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Vaccination optimism

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Every time I visited my local cafe this summer, no customer could walk in. I ordered a mug from a worker standing at a table blocking the front door and returned a few minutes later to retrieve it.

In recent weeks, however, the store setup has changed. I now walk inside and order. Often a few other customers linger nearby, waiting for their coffee.

Across the country there are many other versions of this story. Professional sports leagues, for example, did not allow any audience to step into the stands for much of the summer. This weekend thousands of people attended college and professional football matches.

From a public health perspective, these changes don’t make much sense: Pandemic restrictions across the United States are now less stringent than they were in the summer, even though the rate of d infection is much higher.

How did it happen? State and local governments relaxed their policies as the virus receded in August and September – but then left those looser rules in place. (And the federal government has shown little leadership.)

Perhaps the # 1 pandemic question in the coming weeks is how state and local governments are aggressively reinstating restrictions.

“With the level of community spread that we have in Michigan and that many other states are now facing, the only way to bring down Covid is state action – or terrible loss of life,” Robert Gordon, director of the Michigan Department of Health and Human Services told me yesterday.

Several states have announced new measures in recent days. In Michigan, Governor Gretchen Whitmer announced the temporary closure of indoor restaurants, casinos, movie theaters and in-person classes at high schools and colleges. Chicago, Philadelphia and most of California also reimposed restrictions.

Most of the new restrictions come from Democratic officials like Whitmer, but it’s not just a partisan issue.

The Republican governors of Iowa and North Dakota have issued mask warrants in recent days. And in the Wall Street Journal, Republican health pundits Scott Gottlieb and Mark McClellan wrote an op-ed titled “Now it‘s up to governors to slow the spread.” Gottlieb and McClellan wrote: “At least as infections are widespread and on the rise, local governors and leaders should enforce the use of masks and impose clear and consistent plans to restrict gatherings.

Yet most states, whether led by Democratic or Republican governors, have resisted tough measures, knowing that many Americans are tired of the pandemic. Meanwhile, infections continue to rise and deaths have started to rise in recent days as well.

The medium-term future looks increasingly optimistic, now that Moderna and Pfizer have reported encouraging vaccine trials. But the short term will depend to a large extent on what happens in state capitals. For now, many states – like Ohio, New York and New Jersey – are announcing new restrictions that are well below what public health experts deem necessary to crush the spread of the virus.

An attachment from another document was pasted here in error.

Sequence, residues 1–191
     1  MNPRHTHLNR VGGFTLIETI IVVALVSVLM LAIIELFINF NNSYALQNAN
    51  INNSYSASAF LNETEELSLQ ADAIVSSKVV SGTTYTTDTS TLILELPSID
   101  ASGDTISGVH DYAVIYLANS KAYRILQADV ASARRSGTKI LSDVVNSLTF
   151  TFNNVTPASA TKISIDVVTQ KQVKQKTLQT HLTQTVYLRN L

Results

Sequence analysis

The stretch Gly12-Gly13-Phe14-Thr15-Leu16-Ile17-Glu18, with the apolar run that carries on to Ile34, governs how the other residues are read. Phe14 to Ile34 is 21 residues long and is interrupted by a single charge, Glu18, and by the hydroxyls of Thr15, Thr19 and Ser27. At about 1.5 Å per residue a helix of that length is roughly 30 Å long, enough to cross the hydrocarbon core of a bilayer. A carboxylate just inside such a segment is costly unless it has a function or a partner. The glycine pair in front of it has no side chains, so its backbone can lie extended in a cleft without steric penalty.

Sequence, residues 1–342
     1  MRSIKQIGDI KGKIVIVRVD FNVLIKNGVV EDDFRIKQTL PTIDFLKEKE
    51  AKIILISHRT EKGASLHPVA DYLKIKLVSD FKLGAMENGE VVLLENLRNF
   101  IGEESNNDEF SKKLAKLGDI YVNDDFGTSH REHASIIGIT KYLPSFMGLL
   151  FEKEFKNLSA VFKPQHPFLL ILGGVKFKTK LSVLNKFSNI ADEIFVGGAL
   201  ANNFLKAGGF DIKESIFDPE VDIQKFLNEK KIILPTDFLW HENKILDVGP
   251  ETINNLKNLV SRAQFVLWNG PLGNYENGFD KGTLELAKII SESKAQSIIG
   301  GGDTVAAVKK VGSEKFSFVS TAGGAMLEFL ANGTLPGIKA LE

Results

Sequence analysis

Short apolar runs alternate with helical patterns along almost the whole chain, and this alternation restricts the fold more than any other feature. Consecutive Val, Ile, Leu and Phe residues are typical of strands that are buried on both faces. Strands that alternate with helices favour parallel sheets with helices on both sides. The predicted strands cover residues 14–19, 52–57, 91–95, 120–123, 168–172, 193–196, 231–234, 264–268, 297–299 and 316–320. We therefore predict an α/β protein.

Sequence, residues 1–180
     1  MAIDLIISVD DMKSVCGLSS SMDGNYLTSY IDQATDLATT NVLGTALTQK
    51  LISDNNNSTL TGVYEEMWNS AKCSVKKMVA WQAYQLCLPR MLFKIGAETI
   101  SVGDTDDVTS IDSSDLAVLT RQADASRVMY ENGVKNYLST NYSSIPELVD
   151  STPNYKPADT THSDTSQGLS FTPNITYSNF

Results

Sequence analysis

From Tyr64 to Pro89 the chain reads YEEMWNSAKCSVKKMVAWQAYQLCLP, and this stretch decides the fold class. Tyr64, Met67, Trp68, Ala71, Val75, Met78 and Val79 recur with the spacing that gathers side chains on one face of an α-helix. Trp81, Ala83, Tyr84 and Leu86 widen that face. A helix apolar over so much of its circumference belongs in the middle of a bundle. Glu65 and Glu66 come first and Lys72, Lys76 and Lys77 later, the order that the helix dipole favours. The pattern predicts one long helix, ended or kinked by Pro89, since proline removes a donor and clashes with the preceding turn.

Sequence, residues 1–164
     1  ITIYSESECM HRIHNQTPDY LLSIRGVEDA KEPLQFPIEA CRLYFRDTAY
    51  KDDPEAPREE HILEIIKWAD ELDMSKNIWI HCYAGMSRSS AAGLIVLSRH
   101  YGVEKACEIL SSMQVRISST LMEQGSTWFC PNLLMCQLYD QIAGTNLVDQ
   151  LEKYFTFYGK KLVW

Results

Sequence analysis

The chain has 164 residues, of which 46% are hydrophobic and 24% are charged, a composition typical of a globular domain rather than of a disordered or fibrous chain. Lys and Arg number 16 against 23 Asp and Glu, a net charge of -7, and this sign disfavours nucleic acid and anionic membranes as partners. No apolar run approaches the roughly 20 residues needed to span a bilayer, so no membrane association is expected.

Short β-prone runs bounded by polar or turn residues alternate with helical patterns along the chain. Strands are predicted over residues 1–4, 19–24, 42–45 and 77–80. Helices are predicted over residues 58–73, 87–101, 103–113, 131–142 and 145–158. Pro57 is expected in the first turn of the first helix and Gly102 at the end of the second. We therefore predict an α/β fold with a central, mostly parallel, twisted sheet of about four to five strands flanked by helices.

Lives lived: Bruno Barbey believed that photography “is the only language that can be understood anywhere in the world”. Over a decades-long career he has covered unrest in Paris, the Middle East, Poland and Northern Ireland, and daily life in Italy. Barbey died at age 79.


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Jacques Pépin, the chef and cookbook author, grew up in France during World War II, shaped by the rarity of those years. “I really feel bad when I see wasted food,” Pepin wrote. Much of his subsequent advice to home cooks revolved around the astute use of the ingredients available.

This skill was particularly useful during the pandemic, when many people had to change their food shopping habits. Earlier this year, as the pandemic began to spread, Pepin began posting videos on Facebook that “explained how to cook well using the simplest, warmest things you have in your home,” like the writes my colleague Dwight Garner.

Dwight continues, “I found a lot of his videos to be, on some late sleepless nights, strangely and almost unbearably moving. His age, his beautiful battered appearance, his accent, the slight sibilance of his voice, his slightly worn culinary scholarship, his finely honed knife skills and the 70s funk of his paneled kitchen: it is sort of fascinating packaging. . “

The Spelling Bee pangrams of yesterday were eminently and imminently. Today’s puzzle is above – or you can play it online if you have a Games membership.